We now know that a handful of Republican senators were, in fact, alarmed by Donald Trump's Friday firings of government officials who testified to House impeachment investigators about Trump's Ukrainian extortion scheme. More accurately, we now know that a bare handful of Republican senators were concerned only about the firing of U.S Ambassador Gordon Sondland, while remaining unconcerned by Trump's removal of Lt. Col. Alexander Vindman and his brother, who did not testify.
The likely reason? Gordon Sondland, unlike the others, was a big-money Republican campaign donor.
The New York Times is reporting that Republican Sens. Susan Collins (yes, Susan Collins), Thom Tillis, Martha McSally and Ron Johnson contacted the White House to try to halt Sondland's firing. Sondland, who was made a U.S. ambassador after giving $1 million to Trump’s own inaugural fund, was signaling he was planning to resign; the Republican senators wanted Sondland to be given a graceful exit. That was not to be: a vengeful, frothing Trump was insistent on making a public example of him.
Why were the senators concerned about Sondland but not the others? Sondland, reports the Times, was "a donor to Mr. Tillis and other Republicans."
So there you go. We now know the one, the only thing that would get the slightest pushback from the now-fascist Republican Party: Trump humiliating a top-dollar donor. The rest of it they're fine with.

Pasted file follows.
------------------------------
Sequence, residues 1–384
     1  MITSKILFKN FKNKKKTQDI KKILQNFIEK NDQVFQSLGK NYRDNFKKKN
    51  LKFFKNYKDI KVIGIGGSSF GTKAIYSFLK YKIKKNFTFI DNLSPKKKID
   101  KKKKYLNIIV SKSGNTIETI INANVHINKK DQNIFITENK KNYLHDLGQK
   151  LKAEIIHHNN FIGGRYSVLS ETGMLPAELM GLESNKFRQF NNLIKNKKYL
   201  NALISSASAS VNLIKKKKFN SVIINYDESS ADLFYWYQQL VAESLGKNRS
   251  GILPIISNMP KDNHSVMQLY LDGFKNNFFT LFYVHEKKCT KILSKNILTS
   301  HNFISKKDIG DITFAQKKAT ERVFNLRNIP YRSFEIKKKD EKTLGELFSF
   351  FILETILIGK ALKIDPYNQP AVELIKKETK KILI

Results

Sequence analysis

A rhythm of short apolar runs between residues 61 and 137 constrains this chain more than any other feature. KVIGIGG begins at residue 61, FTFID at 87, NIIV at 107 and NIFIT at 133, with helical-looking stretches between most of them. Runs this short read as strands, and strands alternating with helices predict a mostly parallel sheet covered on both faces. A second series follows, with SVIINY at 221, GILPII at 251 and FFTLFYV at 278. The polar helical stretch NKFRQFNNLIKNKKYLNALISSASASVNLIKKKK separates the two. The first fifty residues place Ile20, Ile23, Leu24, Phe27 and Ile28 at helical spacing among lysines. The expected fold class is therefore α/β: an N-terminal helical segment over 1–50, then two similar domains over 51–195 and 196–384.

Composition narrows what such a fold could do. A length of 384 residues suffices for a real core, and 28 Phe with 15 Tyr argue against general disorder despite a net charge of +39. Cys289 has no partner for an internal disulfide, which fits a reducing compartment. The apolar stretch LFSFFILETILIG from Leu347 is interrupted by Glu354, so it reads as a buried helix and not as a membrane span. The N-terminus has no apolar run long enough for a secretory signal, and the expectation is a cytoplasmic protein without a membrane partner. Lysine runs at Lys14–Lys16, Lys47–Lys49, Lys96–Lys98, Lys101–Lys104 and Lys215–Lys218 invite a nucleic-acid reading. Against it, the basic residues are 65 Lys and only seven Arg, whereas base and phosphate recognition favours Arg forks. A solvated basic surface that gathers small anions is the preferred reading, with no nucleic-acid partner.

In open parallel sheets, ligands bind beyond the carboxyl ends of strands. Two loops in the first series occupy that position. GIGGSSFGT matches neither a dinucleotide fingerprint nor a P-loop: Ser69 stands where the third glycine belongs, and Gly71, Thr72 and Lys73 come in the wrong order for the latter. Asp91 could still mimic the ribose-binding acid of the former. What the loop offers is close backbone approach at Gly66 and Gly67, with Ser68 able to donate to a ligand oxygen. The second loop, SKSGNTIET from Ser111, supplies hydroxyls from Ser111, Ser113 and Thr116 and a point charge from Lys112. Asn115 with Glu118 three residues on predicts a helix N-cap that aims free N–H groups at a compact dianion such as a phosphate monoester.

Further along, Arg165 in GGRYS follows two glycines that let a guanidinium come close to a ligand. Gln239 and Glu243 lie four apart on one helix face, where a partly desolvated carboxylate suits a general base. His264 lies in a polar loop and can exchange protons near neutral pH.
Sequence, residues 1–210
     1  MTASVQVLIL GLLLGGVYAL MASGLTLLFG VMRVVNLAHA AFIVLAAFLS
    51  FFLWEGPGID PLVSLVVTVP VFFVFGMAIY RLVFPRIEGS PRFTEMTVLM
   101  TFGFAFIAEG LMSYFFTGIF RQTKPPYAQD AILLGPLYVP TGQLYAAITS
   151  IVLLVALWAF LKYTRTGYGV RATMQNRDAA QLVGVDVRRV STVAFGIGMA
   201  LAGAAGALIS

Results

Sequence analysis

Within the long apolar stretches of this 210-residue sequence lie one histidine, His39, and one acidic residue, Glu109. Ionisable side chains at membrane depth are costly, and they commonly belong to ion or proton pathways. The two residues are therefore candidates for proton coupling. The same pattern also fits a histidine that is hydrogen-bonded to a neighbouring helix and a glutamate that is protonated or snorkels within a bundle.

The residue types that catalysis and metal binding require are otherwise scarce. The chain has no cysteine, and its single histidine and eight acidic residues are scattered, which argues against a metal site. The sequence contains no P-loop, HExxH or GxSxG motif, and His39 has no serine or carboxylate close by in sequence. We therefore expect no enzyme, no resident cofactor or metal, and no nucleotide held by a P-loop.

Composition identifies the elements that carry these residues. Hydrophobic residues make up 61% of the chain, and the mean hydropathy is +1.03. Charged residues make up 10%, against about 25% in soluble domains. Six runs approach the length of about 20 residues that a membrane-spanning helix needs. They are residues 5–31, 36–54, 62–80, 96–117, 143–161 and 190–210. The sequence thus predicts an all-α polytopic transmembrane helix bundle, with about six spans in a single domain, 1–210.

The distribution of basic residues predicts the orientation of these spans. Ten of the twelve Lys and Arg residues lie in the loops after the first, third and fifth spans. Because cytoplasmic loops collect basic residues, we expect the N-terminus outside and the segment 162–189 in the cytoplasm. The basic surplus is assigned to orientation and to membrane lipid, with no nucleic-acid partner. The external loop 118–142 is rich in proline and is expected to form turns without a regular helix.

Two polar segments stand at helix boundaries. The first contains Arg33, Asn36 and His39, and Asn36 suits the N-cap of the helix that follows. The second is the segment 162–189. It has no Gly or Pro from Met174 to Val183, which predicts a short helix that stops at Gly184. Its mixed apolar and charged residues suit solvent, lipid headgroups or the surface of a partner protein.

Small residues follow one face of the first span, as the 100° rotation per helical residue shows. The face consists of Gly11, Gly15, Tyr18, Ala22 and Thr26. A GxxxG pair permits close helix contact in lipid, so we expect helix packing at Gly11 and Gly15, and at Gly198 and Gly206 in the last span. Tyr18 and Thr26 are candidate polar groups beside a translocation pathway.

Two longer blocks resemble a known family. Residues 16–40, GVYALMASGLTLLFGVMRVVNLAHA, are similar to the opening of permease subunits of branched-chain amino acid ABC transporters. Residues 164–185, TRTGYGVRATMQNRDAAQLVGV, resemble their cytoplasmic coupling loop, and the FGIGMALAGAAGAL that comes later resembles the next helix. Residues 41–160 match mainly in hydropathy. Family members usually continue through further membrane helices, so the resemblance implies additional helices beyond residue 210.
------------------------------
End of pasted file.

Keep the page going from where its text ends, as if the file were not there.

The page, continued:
That's not hyperbole. Sen. Susan Collins, in particular, made a special point of telling the Times that her prior "hope" that perhaps Trump would learn a "lesson" from impeachment was excruciatingly narrow. It didn't apply, she explained, to Trump's purge of the witnesses who spoke out to confirm the Trump-Giuliani Ukrainian plot.
“The lesson that I hoped the president had learned was that he should not enlist the help of a foreign government in investigating a political rival,” she told the Times. “It had absolutely nothing to do with whether or not he should fire people who testified in a way that he perceived as harmful to him.”
So yes, Susan Collins is fine with Trump retaliating against those who testified to his "perfect" actions. It was just the Republican donor whose plight roused her enough to make a simple phone call.
Her new statement is, yet again and of course, another reversal of a prior Susan Collins statement of supposed principles. On Friday she told a Maine crowd that "I obviously am not in favor of any kind of retribution against anyone who came forward with evidence." This new statement clarifies that she is not specifically against such retribution either.
In a non-authoritarian, non-fascist movement, Dear Leader retaliating against those who testified under oath about his own actions would be astonishingly corrupt. It would be close to the very definition of corrupt, in fact. It is now considered an acceptable act, by Republicans, subject to mild private pushback only if the purge happens to touch on one of their own campaign donors. And even the most "moderate" of Republicans, Susan Collins, is now releasing statements clarifying that she is in fact not expressing any concerns about that.